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In the context of a widget on a website, what is the preferred way of changing the behavior of the arrow keys with JavaScript?

  1. The user can't scroll with the arrow keys and can use the arrow keys in relation to the widget instead.
  2. The user can scroll with the arrow keys when the document width is greater than the window width, i.e. there are scrollbars. Otherwise, the arrow keys are used in relation to the widget.
  3. The user can scroll and use the arrow keys in relation to the widget. So when there are scrollbars, both actions are invoked simultaneously.
  4. The user can scroll with the arrow keys but when the widget has focus, the arrow keys are used in relation to the widget, e.g. for navigation purposes.

Is there any option I may oversee?

In my particular case, the widget is a content slider which may use the left and right pointing arrow keys to navigate to the previous and next slide respectively.

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1 Answer 1

up vote 3 down vote accepted

IMHO, the order of preference is this:

-4 The user can scroll with the arrow keys but when the widget has focus, the arrow keys are used in relation to the widget, e.g. for navigation purposes.

This is the best option. It's conventional and straightforward, and the change in functionality of the arrows is triggered directly by the user (setting focus on the widget).

-1 The user can't scroll with the arrow keys and can use the arrow keys in relation to the widget instead.

Users are used to being able to scroll using the arrow keys, so disabling it isn't a good idea. But at least this concept has internal consistency.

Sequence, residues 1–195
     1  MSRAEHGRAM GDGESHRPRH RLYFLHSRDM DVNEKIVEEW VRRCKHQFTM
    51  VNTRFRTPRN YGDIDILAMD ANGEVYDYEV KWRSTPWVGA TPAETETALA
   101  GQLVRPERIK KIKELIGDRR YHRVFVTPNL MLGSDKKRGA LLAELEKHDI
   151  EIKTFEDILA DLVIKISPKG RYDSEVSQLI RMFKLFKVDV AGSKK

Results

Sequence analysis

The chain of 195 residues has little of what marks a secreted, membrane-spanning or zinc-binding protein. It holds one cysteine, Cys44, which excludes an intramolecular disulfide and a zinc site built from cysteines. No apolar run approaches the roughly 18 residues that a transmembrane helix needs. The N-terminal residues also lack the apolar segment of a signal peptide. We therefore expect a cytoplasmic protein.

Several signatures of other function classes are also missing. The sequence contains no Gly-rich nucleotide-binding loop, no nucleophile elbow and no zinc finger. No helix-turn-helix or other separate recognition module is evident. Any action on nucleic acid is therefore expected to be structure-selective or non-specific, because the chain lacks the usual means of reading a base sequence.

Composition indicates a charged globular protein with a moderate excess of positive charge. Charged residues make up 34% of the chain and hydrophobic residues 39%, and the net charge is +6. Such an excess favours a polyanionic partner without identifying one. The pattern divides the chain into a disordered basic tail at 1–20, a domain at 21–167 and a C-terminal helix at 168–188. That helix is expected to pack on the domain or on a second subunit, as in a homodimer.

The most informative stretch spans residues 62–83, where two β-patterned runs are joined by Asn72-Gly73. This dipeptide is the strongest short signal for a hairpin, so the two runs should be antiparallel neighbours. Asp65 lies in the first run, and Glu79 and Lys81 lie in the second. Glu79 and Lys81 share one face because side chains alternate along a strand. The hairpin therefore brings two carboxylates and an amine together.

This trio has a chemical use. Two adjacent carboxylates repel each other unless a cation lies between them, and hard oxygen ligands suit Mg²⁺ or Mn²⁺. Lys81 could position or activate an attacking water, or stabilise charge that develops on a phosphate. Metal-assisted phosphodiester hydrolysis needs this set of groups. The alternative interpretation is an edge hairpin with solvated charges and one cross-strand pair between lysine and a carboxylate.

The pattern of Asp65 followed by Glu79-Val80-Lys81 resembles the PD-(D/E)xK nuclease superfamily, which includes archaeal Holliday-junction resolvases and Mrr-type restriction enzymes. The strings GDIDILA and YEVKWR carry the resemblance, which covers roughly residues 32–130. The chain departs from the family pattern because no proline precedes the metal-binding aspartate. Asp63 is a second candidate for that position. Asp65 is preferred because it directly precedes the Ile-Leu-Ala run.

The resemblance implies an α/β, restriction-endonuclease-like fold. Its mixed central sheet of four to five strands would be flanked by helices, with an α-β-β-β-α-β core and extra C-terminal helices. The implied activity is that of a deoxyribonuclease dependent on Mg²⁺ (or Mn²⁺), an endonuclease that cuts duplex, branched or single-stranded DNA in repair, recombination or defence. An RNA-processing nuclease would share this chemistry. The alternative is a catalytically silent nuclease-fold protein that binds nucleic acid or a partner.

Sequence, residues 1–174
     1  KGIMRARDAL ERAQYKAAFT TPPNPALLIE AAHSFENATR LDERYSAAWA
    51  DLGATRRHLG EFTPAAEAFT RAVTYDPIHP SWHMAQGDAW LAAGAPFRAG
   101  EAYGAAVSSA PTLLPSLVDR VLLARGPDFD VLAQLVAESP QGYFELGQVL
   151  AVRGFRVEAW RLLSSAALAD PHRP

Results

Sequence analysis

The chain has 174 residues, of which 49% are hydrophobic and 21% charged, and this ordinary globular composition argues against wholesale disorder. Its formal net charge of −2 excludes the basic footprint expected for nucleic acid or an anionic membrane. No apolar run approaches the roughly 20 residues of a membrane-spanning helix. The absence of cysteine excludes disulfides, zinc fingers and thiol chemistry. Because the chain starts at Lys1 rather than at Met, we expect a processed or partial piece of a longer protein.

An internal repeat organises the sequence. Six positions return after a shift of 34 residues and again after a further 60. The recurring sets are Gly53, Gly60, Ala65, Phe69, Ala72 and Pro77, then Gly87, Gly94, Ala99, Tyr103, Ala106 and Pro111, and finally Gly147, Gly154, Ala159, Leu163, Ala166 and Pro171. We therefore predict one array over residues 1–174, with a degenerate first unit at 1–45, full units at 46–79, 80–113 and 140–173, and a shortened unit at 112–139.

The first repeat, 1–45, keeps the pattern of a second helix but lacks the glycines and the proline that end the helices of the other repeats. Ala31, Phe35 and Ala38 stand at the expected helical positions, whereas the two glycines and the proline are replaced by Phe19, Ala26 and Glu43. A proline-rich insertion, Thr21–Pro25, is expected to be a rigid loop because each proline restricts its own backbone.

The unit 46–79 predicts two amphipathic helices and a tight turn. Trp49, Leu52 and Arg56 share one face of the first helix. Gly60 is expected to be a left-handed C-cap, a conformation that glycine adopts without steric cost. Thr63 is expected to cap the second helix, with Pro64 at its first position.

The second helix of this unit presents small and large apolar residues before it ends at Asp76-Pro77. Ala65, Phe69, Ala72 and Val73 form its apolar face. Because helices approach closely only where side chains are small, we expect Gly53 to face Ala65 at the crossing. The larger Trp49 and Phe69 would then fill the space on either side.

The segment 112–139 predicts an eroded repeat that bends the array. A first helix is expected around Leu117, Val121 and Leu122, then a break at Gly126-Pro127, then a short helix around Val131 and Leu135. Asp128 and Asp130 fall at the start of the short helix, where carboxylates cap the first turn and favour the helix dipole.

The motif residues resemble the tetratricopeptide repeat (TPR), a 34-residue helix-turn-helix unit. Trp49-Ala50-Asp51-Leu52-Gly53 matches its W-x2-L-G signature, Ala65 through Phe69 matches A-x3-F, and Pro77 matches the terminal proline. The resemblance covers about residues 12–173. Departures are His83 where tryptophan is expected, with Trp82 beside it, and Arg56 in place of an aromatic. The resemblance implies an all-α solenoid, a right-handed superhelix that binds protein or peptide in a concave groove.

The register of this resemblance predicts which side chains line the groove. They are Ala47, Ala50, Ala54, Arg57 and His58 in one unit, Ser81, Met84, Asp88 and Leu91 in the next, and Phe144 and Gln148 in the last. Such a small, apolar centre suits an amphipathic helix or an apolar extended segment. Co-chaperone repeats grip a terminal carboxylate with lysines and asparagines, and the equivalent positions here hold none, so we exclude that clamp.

-2 The user can scroll with the arrow keys when the document width is greater than the window width, i.e. there are scrollbars. Otherwise, the arrow keys are used in relation to the widget.

This is asking the user to understand a relatively complicated operational model. The user will see that in some cases arrow keys scroll, and in other cases they control the widget. And he's expected to notice that the former only happens when the page width is greater than the window width. If this happens on rare occasion, then he won't have enough data to figure it out. If it happens often, then it's the opposite behavior that he won't have much data about. And if it happens in about half the cases, then he's screwed because the system keeps changing its behavior every other time...

-3 The user can scroll and use the arrow keys in relation to the widget. So when there are scrollbars, both actions are invoked simultaneously.

If a key press both scrolls the page and performs an action on the widget, then it's probably the least usable system I ever heard of. Every time you scroll within the widget, the widget itself is going to move, in addition to movement inside it - and vice versa, each time you want to move the widget itself by scrolling the page, something is going to happen inside the widget. It's a usability nightmare.

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It's a usability nightmare ... that comes true on apple.com/ipad. Thanks for your clarifying answer! –  DADU Jun 17 '11 at 23:21
    
Damn!! Next time I'm dragged into a discussion about the amazing Apple UX, I'll have this up my sleeve! Thanks! :) –  Vitaly Mijiritsky Jun 18 '11 at 5:22
    
Haha, no problem. Even the biggest can't do it right all the time apparently. –  DADU Jun 18 '11 at 14:56

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